Open-Source Commitment

What does open-source mean?

The term 'open-source'  historically refers to computer software or code in which the original source code is freely available to the public. This is often, though not always, at odds with the goal of running a for-profit business - it's hard to sell something that you're giving away for free. The advantages of the open-source approach are many - mainly, that it fosters re-use, adaptation and improvement of existing work, rather than requiring everyone to constantly reinvent the wheel.

Over time 'open-source' has been appropriated by other fields to represent the idea of giving away knowledge freely. Of particular interest to us is open source hardware - this is the idea of giving away all of the information needed to recreate a hardware product. For instance, if you designed a 3D-printed doodad in OpenSCAD, you might choose only to release the final 'compiled' STL - that wouldn't really be open-source, as someone can't come along and adapt or build on your work. If you released the original design file from OpenSCAD, and allow anyone else to use it as they see fit - then that would be open-source.

As with anything, things are often more complicated than they first seem (or should be). A myriad of different licensing options means that not all open-source hardware is truly equal - some licenses, such as the Creative Commons license, may restrict commercial use, or impose other restrictions. We used different Creative Commons licenses on some of our earlier products, but are gradually updating to the more open GNU General Purpose License (GPL) or CERN Open Hardware License (CERN OHL).

Open-source hardware and software are big fields of discussion, and there are better explanations than ours out there. If you're interested in reading further, the Wikipedia page on open-source hardware is a great place to start.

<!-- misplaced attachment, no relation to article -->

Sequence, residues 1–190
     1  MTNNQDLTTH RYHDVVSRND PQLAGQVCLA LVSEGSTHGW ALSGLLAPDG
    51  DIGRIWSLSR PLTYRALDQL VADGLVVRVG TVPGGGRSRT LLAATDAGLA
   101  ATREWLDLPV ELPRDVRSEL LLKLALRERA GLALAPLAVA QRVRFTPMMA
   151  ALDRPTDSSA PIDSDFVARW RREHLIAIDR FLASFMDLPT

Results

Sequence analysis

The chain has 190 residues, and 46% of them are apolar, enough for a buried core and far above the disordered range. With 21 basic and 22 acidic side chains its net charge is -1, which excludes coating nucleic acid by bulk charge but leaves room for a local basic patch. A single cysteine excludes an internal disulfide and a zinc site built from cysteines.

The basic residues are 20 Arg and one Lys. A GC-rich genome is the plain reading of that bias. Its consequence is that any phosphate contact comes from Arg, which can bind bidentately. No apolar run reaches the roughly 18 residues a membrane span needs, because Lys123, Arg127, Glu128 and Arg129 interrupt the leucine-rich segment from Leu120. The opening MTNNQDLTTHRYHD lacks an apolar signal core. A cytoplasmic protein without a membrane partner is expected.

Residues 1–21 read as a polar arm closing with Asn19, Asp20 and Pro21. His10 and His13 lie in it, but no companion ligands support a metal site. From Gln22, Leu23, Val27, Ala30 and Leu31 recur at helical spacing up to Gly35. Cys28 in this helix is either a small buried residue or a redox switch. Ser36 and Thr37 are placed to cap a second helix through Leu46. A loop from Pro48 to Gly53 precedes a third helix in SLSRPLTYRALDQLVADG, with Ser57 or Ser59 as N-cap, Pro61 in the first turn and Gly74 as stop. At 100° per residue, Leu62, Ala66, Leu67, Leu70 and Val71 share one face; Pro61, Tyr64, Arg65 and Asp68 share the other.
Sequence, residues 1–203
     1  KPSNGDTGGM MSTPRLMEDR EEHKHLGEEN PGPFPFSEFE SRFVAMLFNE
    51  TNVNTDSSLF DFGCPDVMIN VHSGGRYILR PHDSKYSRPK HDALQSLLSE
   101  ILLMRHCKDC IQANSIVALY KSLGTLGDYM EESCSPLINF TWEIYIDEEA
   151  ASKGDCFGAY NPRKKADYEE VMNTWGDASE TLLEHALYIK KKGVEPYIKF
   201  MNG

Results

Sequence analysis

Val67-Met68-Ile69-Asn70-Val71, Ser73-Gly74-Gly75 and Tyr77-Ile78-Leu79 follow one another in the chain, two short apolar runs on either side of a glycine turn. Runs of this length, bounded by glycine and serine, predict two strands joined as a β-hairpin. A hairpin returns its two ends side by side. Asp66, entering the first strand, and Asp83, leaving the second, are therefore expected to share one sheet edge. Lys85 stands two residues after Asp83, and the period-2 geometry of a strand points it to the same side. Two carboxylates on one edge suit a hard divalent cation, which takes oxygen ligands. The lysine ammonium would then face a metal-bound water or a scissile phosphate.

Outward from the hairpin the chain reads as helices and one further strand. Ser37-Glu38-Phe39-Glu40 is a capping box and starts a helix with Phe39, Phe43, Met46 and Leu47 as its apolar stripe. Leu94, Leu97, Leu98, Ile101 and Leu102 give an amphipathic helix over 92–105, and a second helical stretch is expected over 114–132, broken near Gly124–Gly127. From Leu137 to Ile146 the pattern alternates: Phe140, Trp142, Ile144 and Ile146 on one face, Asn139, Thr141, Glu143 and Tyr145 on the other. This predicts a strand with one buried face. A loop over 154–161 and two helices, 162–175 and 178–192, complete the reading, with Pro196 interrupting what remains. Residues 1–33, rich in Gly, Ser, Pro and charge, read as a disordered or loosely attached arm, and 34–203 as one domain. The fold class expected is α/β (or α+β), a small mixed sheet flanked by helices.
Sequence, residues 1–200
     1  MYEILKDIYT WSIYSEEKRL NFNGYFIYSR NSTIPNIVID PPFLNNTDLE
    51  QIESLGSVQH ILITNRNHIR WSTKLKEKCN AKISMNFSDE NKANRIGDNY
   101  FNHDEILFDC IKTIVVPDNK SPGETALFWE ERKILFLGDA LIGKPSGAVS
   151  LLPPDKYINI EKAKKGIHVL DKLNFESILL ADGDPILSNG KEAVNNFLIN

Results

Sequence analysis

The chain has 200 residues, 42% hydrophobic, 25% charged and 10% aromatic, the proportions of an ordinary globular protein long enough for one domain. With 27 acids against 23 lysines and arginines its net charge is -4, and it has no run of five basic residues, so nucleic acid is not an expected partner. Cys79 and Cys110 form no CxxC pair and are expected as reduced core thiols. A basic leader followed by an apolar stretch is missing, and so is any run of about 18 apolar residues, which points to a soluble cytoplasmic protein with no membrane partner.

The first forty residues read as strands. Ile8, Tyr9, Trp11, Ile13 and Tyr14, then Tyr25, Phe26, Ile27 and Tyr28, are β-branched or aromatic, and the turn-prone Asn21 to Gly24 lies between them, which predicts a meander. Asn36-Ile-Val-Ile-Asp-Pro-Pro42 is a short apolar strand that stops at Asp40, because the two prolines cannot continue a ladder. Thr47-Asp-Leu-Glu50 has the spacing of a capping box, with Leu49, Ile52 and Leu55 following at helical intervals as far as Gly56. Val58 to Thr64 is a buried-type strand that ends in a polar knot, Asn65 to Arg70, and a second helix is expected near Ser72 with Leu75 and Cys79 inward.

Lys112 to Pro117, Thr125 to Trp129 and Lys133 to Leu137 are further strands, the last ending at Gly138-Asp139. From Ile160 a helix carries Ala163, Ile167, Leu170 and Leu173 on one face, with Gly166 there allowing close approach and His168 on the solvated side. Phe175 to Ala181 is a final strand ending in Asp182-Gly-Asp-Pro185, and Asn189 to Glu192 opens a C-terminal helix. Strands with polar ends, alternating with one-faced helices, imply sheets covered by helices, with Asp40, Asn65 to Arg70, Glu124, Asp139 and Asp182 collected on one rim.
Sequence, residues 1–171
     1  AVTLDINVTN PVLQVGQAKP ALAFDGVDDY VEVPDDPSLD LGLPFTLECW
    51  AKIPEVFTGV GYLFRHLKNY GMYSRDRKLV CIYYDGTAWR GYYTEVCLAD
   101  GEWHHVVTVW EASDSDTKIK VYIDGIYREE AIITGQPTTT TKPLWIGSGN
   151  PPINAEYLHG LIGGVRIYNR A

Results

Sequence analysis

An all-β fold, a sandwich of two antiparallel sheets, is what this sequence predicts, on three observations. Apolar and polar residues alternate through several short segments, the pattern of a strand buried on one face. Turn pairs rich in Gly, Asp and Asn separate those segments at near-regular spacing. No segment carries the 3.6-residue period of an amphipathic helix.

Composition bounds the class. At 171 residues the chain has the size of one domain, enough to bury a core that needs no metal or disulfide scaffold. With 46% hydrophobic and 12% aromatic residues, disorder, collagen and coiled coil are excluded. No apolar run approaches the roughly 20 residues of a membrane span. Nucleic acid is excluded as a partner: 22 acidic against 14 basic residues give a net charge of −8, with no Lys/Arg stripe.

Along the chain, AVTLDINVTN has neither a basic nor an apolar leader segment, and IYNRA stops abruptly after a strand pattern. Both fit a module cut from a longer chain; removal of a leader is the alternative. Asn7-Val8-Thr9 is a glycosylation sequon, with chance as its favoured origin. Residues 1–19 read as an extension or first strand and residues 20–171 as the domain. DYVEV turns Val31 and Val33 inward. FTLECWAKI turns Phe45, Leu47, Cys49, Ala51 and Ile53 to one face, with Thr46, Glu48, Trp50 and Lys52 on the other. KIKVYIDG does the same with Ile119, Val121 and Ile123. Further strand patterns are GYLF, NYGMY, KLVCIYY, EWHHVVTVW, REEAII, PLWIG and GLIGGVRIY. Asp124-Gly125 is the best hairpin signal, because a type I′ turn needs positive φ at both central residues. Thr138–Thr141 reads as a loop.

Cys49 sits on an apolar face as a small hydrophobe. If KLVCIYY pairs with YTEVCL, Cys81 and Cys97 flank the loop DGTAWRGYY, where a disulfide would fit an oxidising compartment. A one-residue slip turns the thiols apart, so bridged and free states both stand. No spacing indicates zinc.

Is open-source hardware certified somehow?

Historically, no - typically the claim of being open-source hardware has not been actively enforced, and anyone can claim that their products are 'open', even if they are not. More recently, the Open Source Hardware Association (OSHWA) has developed a framework through which hardware can be certified as open-source. This is a recent development, and we haven't yet worked with OSHWA on any of our products - however we look forward to doing so on future products.

Prior to the OSHWA, open-source hardware was typically self-certified and the open-source hardware logo (shown) used to signify that the product is open-source. Many of our products feature this mark.

What is your commitment to open-source hardware?

The 3D-printing community is built upon open-source work - namely the RepRap project, arguably one of the largest collections of open-source hardware, firmware and software in existence. We're well aware of the debt we owe, and are committed to doing our part to further foster open-source development. We do our best to release all of the source files relating to any hardware product we develop. Usually the source files will be documented on the associated Aus3D Wiki page for a given product, which is typically linked to from the product page. Often the source files themselves are hosted on our GitHub account.

The nature of these source files will vary depending on the type of product - for instance, for our RUMBA+ boards, we provide schematics, Altium source files, bill-of-materials, and Gerber PCB manufacturing files. This is typically everything someone else would need to come along and recreate or alter our design. For a mechanical product, such as our 3D printers, we release the CAD data used to design the machine - for instance, we have the source for our Mark2 printers here.

We do our best to document and release source for all the products we develop - but occasionally we might slip up. If you come across one of our products and you can't find the source for it, let us know so we can fix that!